Temperature regulation and absorption also place merino wool in a class of its own. Weather and climate fluctuations happen all the time, and without a warm and cozy house to go back to, you’ll be stuck with whatever gear you brought along with you. Backpackers need versatile, reliable gear that’ll work in whatever situation they might encounter, and merino wool’s temperature regulation and moisture control mean it’ll handle chilly evenings and hot weather hikes equally well, and far better than alternatives.
These might sound like obscure, technical characteristics, but they add up to merino wool socks being vastly more comfortable when compared to just about anything else. The first day I tried a pair of merino wool socks, I threw out all the others and never went back.
My travel sock setup
Though merino wool offers exquisite temperature regulation, long term travel inevitably brings such a broad range of temperatures that a platonic coronation of the ideal World’s Best Travel Socks will simply be impossible.
Thus, I prefer two:
- A lightweight, ankle-height sock with little-to-no cushioning for hot weather travel, for those days when sandals just won’t cut it. I like the Smartwool PHD Outdoor Ultra Light Mini. The name is complicated and ridiculous (and they have a million other slight variations), but this one has no cushioning at all (unlike just the “light”), which is nice on hot days, as long as your shoes are comfy.
- A warmer, regular-height sock with loftier cushioning for cold climates. I like the Darn Tough Micro Crew Cushion. These have lasted longer than the equivalent Smartwool socks I had previously, plus they’re more densely knit, and therefore less prone to shrinkage and expansion. They’re also shorter (hence the name “micro” crew), hitting just below the calf, meaning they don’t fall down nearly as much as something that covers a bit of the calf itself.
During a long-term trip in which temperatures include both sweltering highs and morale-destroying lows, I’ll bring two pairs of each type, and alternate as necessary. On really hot days, I’ll wear sandals, and on really cold days, maybe one of each, though the inner sock would have to be really thin to allow this, probably with no cushioning at all.
Plenty of companies use the same material, so I won’t get too fussy about specific products, but I generally prefer socks that appear utterly normal, which is exceedingly rare when it comes to athletic gear of all sorts. Since merino socks have been so thoroughly embraced by the outdoor athletic industry, they’re usually built with all sorts of fancy colors and flashy design features, which I’ve always thought were kind of annoying. Once it’s in the shoe it won’t matter, so it’s not really a big deal, but I think it’s a little weird that if I want to be comfortable, I must also look as though I’m heading to the track.
And by the way, nobody makes any socks built purely of merino wool; they’re blended with nylon for durability, elastic for stretch, a little polyester for even faster drying time, and so on. Don’t worry too much about these other ingredients; they’re there to help. Just get something with at least 50% merino content, and it’ll be great.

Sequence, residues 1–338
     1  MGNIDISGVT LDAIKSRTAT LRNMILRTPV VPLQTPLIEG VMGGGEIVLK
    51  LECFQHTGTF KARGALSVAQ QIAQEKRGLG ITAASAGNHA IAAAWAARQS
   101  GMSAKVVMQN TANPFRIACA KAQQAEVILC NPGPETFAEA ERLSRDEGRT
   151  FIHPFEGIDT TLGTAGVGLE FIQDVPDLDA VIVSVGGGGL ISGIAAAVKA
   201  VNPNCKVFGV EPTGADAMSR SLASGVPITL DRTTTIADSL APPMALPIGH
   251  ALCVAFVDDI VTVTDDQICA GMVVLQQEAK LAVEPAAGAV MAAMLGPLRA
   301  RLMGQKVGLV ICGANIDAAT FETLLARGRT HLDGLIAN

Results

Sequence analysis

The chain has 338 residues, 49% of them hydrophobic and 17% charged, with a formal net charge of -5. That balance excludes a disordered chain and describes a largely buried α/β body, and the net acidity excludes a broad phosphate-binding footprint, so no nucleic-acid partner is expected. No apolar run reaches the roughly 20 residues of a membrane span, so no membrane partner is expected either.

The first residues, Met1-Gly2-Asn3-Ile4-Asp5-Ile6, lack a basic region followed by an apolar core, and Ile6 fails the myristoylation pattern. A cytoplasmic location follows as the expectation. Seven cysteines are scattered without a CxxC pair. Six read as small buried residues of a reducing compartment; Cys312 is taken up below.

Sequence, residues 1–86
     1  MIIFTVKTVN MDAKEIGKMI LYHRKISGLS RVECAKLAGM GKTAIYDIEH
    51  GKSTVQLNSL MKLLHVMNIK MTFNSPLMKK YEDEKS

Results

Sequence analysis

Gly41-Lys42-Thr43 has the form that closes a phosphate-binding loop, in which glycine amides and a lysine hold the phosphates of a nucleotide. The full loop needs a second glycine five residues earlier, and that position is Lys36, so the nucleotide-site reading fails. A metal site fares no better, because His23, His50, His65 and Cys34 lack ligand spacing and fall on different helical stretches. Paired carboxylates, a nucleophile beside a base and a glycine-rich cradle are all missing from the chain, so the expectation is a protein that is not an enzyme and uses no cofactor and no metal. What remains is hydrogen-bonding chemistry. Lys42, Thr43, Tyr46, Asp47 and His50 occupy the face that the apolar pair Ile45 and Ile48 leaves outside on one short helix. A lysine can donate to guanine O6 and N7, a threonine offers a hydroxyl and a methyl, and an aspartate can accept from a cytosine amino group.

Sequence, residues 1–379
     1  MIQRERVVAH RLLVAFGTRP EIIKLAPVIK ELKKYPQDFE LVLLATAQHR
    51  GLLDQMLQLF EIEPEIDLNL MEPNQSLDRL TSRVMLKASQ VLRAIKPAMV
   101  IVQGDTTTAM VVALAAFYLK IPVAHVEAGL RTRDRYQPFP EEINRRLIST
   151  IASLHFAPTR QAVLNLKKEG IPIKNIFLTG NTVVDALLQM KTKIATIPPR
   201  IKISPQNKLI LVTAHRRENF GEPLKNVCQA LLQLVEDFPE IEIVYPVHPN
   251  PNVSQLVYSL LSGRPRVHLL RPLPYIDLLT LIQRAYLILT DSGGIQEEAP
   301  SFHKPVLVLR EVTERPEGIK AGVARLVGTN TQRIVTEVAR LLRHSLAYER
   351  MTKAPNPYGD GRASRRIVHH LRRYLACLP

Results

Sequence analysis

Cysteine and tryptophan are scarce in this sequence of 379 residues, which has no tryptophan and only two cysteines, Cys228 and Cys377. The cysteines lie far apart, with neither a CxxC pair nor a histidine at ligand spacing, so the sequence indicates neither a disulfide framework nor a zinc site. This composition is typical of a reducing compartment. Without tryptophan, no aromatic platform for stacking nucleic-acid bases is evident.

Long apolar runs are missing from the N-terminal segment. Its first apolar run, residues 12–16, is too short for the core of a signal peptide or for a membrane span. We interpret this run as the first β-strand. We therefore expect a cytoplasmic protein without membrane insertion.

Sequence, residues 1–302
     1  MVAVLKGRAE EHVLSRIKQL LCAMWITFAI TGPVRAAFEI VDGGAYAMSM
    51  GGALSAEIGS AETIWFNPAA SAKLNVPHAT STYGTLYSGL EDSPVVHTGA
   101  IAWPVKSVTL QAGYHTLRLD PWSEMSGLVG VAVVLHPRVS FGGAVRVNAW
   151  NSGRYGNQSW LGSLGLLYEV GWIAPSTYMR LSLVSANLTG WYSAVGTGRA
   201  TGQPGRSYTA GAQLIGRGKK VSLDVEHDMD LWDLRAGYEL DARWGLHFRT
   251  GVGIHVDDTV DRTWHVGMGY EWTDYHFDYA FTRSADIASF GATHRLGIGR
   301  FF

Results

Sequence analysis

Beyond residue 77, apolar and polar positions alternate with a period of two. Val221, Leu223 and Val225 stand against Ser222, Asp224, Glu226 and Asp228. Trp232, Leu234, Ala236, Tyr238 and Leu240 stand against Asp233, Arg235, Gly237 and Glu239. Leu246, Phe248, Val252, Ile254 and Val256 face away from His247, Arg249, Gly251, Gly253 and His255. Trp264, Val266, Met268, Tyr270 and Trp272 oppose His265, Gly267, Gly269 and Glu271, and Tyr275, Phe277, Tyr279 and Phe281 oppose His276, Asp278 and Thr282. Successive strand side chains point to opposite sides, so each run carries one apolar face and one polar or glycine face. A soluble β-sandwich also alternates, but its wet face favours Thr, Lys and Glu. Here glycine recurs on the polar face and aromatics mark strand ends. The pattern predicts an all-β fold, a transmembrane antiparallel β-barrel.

Potential alternatives to merino wool socks
Currently, I know of absolutely nothing that can remotely match the performance of merino wool, in any category, from moisture control, to temperature regulation, to odor resistance. For the most part, there’s no reason to use anything else.
But I can think of a few potential alternatives: Tencel, modal, bamboo, and other types of cellulose fibers promise great absorbency and anti-microbial properties, and might work nicely for a pair of socks. They might be worth a try.
Other types of wool could potentially work as well; alpaca and yak wool have become increasingly popular in all sorts of areas, and I expect they’d be great in a pair of socks as well. Lots of little companies have sprung up that offer alpaca socks, so it’s not hard tracking them down. I’ve even seen bison wool socks, which would probably work too.
Personally, I try to stay away from socks made primarily from synthetic fabrics. Polyester socks promise amazing drying times, which is fine if moisture has somewhere to go (they can escape more easily from meshy athletic shoes, for example), but if it’s stuck inside a leather shoe, particularly on a hot day, that moisture has nowhere to go, and will accumulate into a foot-sized steam bath. Merino wool can at least offer some absorbency, reducing that icky wet-sock sensation, and keep pungent bacterial growth in check. Blends with both are good though.
Well, that should just about do it. Get something for warm weather, and something for cold weather, in whatever color you like, and they’ll be your new favorite socks, and keep you cozy on adventures far and wide. Enjoy your newfound toe-cozying freedom, and venture forth.